The Worst School District in Lancaster County Continues Soaking Up Taxpayer Money
Throwing good money after bad - it's the government school way
Schools in Lancaster County are slated to receive about $15.4 million in one-time, emergency federal funding because of the COVID-19 pandemic, according to the Pennsylvania Department of Education.
This boost comes from the federal $2 trillion COVID-19 relief package that was passed back in March. (The detailed release can be read here.)
“Education” in the Keystone State will get about $523 million, with 90% of that going directly to public schools. The state will use the balance for state-wide education and education infrastructure/technology.
And it’s so much worse than it sounds.
The federal tax dollars can be spent on a variety of things that no one would consider education-related such as food service, professional training, technology, cleaning supplies and mental health supports.
And the school district in Lancaster County that gets the lion’s share of this federal giveaway?
The School District of Lancaster. Of course. Of the $15.4 million going to school districts in Lancaster, $5,172,788 will go to the School District of Lancaster.
As I already wrote about, the School District of Lancaster is supported by the property taxes it takes from homeowners for its massive $210.6 million budget.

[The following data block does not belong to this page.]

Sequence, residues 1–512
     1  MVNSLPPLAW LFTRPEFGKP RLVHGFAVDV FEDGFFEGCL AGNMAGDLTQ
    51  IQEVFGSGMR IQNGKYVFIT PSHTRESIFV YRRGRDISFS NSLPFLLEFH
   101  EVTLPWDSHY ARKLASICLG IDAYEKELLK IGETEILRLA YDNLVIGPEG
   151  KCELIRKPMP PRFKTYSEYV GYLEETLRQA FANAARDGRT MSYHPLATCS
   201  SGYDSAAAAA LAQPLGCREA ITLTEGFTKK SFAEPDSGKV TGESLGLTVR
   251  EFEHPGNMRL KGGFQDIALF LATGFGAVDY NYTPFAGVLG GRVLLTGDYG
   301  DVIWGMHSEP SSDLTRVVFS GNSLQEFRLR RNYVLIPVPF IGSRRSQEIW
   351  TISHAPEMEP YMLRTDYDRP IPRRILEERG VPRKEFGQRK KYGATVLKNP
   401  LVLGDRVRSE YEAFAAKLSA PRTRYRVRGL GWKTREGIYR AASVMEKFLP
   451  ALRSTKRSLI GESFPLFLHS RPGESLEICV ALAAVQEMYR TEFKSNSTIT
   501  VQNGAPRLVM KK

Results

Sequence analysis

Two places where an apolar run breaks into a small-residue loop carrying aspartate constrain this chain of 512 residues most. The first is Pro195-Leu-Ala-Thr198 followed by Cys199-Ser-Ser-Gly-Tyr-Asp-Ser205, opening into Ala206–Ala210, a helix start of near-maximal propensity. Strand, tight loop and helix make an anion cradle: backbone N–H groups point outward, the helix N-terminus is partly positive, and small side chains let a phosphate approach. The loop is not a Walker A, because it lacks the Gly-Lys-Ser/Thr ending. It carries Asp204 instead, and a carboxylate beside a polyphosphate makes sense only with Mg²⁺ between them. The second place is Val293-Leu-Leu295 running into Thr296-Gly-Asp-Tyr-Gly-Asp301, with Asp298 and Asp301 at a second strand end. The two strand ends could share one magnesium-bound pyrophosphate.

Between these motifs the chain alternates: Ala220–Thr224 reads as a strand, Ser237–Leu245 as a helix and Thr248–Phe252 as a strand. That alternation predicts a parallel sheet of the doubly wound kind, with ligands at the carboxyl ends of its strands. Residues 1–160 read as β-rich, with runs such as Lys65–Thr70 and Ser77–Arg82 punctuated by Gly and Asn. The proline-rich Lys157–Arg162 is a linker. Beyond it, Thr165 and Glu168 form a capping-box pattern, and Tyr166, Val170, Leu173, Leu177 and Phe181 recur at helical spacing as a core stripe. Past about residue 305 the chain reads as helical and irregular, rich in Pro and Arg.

The School District of Lancaster has the worst academic record in Lancaster County, despite spending more on each student than any other district.
Per pupil spending in the district is more than $18,638 as of the 2017 budget, which is as high as the average cost of public college tuition.
By comparison, Conestoga Valley School District spends about $13,000 per pupil per year, and boasts among the highest PSSA academic achievement levels. Lampeter-Strasburg spends about $16,000 per pupil and consistently boasts the highest PSSA scores in the county.
Nationally, the most recent data indicates $11,762 is spent on public education per student
The district levies the highest rate of any school district in the county, fully 21.8734 mills as of the 2019-2020 school year. (A mill is equal to $1 tax on every $1,000 of assessed value of a property).
However, it will get the bulk of the federal largesse, because the amount each school gets is proportional to the federal Title I money it received in 2019.